of this paper). These fivecases had previously been investigated by Stevenson and Pasricha. The sixthcase, possibly spurious, was previously unstudied.This paper describes the characteristics of 
26
cases of the reincarnationtype within India in which a Moslem child claimed to recall a past life (eitheras a Moslem or a Hindu) or a Hindu child claimed to recall a life as aMoslem. I refer to the cases in which both the subject and the previouspersonality were Moslem as
"
Moslem cases.
"
Cases in which either the sub- ject or the previous personality were Moslem but the other person wasHindu are referred to as
"
half-Moslem
"
cases. The features of these Moslemand half-Moslem cases are compared to the features of the more frequentHindu to Hindu cases in India reported by Stevenson (1974,
1975b)
and hiscolleagues (Cook, Pasricha, Samararatne,
U
Win Maung,
&
Stevenson,1983; Pasricha, 1990; Stevenson, 1986) and studied by myself (Mills,
1989).'
These intercultural or interreligious cases are of particular interest forseveral reasons. First, they offer an opportunity to discern whether the iden
-
tification of a child with another religious group was the result of mimickingor role modelling for the child's religious group behavior, and therefore pro
-
vide a test of whether status-envy identification (Burton
&
Whiting, 1961)can provide an adequate explanation for the phenomenon. Second, suchcases allow evaluation of another alternative explanation, suggested byBrody
(1979)'
according to which children who remember a past life are infact adopting an alternate identity in response to subtle cues from the social-izers who, perhaps unconsciously, encourage such an identity formation.In Part
I1
of this paper I present the data from three Moslem or half-Mos-
 
the readers can assess on what basis the Moslem and Hindu communityidentify such cases and can decide for themselves whether the cases suggestthat some paranormal phenomenon may be taking place.
I
Relevant Relationships Between Moslems and Hindus in India
Belief in reincarnation was presumably almost universal in India at thetime of the successive Moslem contacts and conquests in India (Haimendorf,195 3; Obeyesekere, 1980;
O'Flaherty,
1980). Mohammed (57 1
-
623 A.D.),the Prophet and founder of Islam, expressed the prevalent Semitic view of his time that a human had only one life on earth. Dissension over the propersuccession of leadership in Islam led to the formation of two separate sects,the Sunni or orthodox Moslems, and the Shiite sects. From the earliest timesthe Moslems who have come to India have represented the variety of Islamicthought, both Sunni and Shiite (Hodgson, 1974; Hollister, 1953). However,none of the Moslem groups in India, whether they were Sunni, Shiite, or theShiite mystical Sufi groups, ever officially endorsed the concept of reincarna-tion (Schimmel, 1975). Moslem rulers varied in their tolerance, intolerance,and interest in Hindu practice and philosophy (Arnold, 196 1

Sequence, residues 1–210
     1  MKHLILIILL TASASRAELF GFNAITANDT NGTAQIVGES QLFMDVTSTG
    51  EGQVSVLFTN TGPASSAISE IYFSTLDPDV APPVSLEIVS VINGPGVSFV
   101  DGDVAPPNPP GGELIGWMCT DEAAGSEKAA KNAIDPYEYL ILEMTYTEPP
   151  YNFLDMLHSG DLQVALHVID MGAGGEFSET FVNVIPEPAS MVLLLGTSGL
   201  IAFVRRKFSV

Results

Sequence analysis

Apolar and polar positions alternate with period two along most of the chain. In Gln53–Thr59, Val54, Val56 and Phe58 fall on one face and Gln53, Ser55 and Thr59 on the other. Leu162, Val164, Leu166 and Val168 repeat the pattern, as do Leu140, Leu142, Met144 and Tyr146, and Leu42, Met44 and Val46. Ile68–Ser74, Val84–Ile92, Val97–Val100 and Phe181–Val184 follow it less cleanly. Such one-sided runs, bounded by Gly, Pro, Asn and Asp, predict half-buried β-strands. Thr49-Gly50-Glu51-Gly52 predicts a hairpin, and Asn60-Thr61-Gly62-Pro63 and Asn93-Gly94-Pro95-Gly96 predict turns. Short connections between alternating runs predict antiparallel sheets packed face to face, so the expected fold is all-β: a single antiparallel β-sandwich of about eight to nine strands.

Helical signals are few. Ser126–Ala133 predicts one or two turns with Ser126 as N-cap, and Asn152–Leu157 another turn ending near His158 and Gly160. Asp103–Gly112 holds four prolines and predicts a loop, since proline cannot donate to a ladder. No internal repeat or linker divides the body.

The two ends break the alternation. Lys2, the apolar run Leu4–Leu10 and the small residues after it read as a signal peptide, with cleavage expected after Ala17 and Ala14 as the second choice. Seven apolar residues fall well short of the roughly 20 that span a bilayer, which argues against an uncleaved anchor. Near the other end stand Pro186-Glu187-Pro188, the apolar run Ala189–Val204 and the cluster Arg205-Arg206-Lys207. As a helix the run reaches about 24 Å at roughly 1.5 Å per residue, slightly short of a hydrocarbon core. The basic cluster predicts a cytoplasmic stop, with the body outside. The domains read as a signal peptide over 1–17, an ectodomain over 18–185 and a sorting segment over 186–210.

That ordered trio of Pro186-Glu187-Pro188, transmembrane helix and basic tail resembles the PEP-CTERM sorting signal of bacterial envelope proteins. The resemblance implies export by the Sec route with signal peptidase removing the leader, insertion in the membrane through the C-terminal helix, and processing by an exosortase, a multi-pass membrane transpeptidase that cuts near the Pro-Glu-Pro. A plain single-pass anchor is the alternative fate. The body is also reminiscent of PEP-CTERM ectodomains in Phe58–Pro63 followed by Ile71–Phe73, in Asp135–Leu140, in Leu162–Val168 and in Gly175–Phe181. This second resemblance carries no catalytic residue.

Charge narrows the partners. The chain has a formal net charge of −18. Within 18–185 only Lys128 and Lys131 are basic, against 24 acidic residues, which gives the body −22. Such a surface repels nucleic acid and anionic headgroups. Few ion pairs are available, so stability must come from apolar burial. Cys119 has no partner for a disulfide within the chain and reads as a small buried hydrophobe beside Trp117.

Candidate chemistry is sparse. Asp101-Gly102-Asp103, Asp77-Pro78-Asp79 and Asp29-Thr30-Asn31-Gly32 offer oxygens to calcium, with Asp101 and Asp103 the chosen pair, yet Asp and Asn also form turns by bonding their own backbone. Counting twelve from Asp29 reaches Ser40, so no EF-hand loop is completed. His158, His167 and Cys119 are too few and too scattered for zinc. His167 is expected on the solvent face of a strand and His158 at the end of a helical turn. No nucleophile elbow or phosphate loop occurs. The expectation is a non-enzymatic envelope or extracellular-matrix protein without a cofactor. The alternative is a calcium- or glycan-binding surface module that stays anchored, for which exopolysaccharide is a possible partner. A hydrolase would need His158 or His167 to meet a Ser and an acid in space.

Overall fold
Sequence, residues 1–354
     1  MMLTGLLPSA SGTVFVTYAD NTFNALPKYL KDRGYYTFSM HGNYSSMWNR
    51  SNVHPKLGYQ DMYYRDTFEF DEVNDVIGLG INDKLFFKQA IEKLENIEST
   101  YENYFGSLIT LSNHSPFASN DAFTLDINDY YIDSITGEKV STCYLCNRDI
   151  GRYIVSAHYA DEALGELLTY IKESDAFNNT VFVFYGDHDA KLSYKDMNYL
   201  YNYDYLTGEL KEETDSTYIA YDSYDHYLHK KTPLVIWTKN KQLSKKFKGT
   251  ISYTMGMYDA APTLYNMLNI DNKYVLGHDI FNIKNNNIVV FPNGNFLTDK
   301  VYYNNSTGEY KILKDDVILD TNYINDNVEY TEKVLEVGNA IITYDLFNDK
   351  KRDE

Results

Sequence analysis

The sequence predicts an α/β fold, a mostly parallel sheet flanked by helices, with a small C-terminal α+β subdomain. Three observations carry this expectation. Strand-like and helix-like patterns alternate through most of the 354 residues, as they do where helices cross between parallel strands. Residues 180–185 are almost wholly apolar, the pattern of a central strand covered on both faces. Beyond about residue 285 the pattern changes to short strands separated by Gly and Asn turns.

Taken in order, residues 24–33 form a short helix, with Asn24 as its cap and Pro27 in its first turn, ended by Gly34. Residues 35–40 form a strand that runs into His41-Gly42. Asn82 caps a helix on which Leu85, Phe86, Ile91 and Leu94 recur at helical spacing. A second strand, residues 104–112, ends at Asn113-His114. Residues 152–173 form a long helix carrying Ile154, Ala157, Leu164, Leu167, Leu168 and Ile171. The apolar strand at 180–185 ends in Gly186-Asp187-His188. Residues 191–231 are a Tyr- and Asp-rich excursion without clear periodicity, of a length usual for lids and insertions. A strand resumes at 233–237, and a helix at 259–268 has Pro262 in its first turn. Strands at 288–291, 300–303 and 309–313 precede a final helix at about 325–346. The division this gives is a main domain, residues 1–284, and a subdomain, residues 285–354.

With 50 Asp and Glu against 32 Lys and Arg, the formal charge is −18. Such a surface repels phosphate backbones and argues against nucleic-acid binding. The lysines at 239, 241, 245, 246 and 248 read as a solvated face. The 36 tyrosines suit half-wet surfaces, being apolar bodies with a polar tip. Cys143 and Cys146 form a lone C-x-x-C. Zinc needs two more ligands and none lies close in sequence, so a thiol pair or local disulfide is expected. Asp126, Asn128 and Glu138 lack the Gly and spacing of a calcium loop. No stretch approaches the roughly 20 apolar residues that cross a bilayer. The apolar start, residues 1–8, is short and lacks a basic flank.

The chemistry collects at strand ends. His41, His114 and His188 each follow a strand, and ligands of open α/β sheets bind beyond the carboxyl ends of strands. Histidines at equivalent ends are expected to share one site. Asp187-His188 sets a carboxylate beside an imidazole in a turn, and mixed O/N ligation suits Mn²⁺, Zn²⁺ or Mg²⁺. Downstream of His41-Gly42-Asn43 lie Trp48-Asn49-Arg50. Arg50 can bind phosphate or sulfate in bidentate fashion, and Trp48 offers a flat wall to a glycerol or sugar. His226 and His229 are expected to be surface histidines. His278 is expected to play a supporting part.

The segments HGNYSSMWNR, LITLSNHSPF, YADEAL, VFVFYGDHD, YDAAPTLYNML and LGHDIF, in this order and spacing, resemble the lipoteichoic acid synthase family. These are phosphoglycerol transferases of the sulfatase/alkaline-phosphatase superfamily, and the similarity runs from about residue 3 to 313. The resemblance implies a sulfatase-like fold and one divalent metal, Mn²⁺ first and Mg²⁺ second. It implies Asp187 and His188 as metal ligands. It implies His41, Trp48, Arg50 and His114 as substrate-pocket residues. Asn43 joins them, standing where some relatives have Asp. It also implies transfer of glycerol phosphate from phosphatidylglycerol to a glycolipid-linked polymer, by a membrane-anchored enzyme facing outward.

;
Schimmel,
1975;
Smith, 1943).Over the course of more than eight hundred years of Moslem presence andthree hundred years of Mogul rule in India, the small number of originalMoslem invaders and immigrants was expanded by conversion of a consider-able proportion of the indigenous population (Arnold, 192
1
;
Lewis, Menage,Pellat
&
Schacht, 197 1
;
Spear, 1965). As Lewis et al.
(1
97 1) point out,
It was in the sphere of social life and customs that the influence of Hinduism on theIndian Moslems was most far
-
reaching. Since most of the people were converts fromHinduism, it was not possible for them to break away completely from their socialbackground. In ceremonies connected with birth, marriage, mourning, etc. the im
-
pact of Hindu traditions was quite remarkable.
(p.
436)
Arnold (196 1, p. 289) has noted that,
"
Of many, nominally Muslims, itmay be said that they are half Hindus: they observe caste rules, they join inHindu festivals and practice idolatrous ceremonies.
"
Thus, both the Moslemrulers and the originally Hindu converts to Islam remained aware of theHindu tradition of reincarnation and retributive karma.Lawrence (1979) suggests that Hindu-Moslem relations grew morestrained after the predominance of Moslem rule ended with the British
Raj
because the British tried to heighten dissension between the Moslem andHindu populace. He cites concern over the loss of power as solidifying theSunni antimystical tradition. Smith
(
1943) points out the impact of commu-nalism in making Moslems and Hindus emphasize their differences, evenbefore partition.
i